Music in the Aftermath
The other morning I woke up to a tinkling piano and the quavering strains of a lament. "Lou-EEE-ziana, Lou-EEEE-ziana, they're trying to wash us away…" I turned the radio off. Don't get me wrong, I love Randy Newman's "Louisiana 1927," which you can hear performed by the late New Orleans pianist Jeff Naideau here, or with a bluegrass tinge by Old School Freight Train here.
The song, with its Newmanesque mix of gritty detail and front-porch philosophy, is a perfect sonic centerpiece for meditations on Hurricane Katrina. That chorus is especially poignant, echoing like a prayer, with plenty of room to speculate on the unnamed "they" causing all the heartache — The forces of nature? The government? People like Newman (who does have family roots in New Orleans but mainly grew up in Los Angeles), writing lost souls 'histories long after the fact?
But even a song so right gets old after every benefit, news report and blog has employed it. My tired ears got me thinking about other songs that might do art's magic of helping people ponder the unthinkable in its aftermath. Music's way of cocooning each of us within its vibrations even as that same resonance unites us lends it a particularly healing quality. So although I've had plenty of moments of wondering how art, or anything but getting diapers and granola to homeless infants and old people, could matter in the wake of this catastrophe, I still trust in the soul's urge to wash itself clean of tragedy's mud in a bath of song. So here are some suggestions for musical contemplation in the wake of the waves.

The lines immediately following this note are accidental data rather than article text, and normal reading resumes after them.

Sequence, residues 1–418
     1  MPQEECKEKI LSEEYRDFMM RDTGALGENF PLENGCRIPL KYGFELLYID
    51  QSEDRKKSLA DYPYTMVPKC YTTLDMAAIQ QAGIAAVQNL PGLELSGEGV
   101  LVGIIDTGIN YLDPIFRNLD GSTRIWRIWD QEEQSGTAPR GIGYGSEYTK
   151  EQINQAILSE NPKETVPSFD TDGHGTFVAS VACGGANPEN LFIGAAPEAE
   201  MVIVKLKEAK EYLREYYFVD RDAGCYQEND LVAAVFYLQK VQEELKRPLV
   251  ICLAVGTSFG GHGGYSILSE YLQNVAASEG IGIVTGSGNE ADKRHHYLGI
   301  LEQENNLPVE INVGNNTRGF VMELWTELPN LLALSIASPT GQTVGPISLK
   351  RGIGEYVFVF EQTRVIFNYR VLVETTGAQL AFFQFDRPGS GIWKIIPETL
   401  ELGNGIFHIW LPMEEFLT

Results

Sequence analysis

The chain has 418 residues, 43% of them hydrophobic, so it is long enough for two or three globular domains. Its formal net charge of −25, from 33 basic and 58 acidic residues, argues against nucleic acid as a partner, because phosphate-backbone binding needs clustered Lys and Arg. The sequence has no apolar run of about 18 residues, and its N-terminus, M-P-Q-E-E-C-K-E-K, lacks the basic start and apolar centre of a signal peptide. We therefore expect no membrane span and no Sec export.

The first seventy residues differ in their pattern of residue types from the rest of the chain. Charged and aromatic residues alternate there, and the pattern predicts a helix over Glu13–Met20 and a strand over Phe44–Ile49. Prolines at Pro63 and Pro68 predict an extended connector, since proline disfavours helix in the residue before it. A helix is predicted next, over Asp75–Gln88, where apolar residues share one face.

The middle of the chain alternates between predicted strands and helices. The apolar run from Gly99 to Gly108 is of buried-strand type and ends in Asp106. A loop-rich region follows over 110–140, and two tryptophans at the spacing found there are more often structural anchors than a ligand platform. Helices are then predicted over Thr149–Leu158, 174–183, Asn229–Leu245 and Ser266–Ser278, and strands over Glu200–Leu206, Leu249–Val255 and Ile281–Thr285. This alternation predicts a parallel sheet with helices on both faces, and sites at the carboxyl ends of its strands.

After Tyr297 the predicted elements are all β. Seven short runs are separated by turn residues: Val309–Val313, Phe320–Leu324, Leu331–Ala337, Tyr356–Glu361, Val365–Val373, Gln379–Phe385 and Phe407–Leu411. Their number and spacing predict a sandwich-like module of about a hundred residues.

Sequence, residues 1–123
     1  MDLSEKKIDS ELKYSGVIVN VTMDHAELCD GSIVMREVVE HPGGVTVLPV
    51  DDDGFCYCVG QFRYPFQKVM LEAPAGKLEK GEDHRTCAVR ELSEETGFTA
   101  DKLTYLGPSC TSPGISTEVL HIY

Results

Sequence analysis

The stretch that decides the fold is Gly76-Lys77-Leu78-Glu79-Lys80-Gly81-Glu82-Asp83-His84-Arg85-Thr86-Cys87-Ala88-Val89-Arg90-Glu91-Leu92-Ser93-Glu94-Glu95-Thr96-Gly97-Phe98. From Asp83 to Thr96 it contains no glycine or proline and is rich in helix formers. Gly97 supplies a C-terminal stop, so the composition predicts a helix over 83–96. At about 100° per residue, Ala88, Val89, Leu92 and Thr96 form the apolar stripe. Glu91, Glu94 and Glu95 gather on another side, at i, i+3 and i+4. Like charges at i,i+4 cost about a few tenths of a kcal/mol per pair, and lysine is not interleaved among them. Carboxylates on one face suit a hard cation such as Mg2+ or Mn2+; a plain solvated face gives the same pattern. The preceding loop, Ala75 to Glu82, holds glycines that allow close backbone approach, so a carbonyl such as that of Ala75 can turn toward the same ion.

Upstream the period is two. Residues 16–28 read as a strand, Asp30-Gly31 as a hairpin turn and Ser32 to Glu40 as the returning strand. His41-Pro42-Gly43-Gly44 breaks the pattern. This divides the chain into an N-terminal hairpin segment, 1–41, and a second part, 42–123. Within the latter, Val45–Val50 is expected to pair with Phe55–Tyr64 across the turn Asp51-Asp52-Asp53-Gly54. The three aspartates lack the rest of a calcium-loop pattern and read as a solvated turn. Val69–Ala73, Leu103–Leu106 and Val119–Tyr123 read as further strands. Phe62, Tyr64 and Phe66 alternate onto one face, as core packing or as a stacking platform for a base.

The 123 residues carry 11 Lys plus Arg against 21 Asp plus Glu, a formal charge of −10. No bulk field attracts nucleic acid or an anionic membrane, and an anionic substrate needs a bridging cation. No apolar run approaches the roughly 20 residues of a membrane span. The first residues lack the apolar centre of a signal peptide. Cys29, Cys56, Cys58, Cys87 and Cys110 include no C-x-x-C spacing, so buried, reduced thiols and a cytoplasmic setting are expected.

I'll leave specific New Orleans nostalgia and knowledge to the experts, like American Routes DJ Nic Spitzer and radical historian Ned Sublette. (Though I can't resist one tip — for a much rawer take on that 1927 flood than Newman's, try this vintage Memphis gospel track.) Instead, I've been drawn to music that strives to capture the kinds of creeping peril that the Gulf Coast disaster represents — the horror of unexpected devastation, of loss by water and wind, but also what this deluge says beyond its own borders about all of life's fragility. My selections might seem a bit morbid, and in fact I'm convinced that global warming and skyrocketing population density mean more such disasters lurk in our future. But I've always used music to face my fears head on, and that's why some of my choices for this flood mix have a rather dark tone.
Start with "Who By Fire?" Leonard Cohen's stirring meditation on mortality's randomness, performed in full goth glory by Human Drama. Pushing the mood further downward (catharsis is healing, gang!), Big Star's "Holocaust" invokes the despair that engulfed the nation as we watched our own citizens dying from neglect. In times like this, one must come to peace with the darkness, so I'd select the fatalistic yet soothing ballad "Just the Motion" by Richard and Linda Thompson as relief. Percy Mayfield's similarly creepy-pretty "The River's Invitation" is strangely prescient of the despair Katrina victims have shown after losing loved ones. Follow that with David Byrne's instrumental "Body in a River" and you'll be feeling somber, indeed.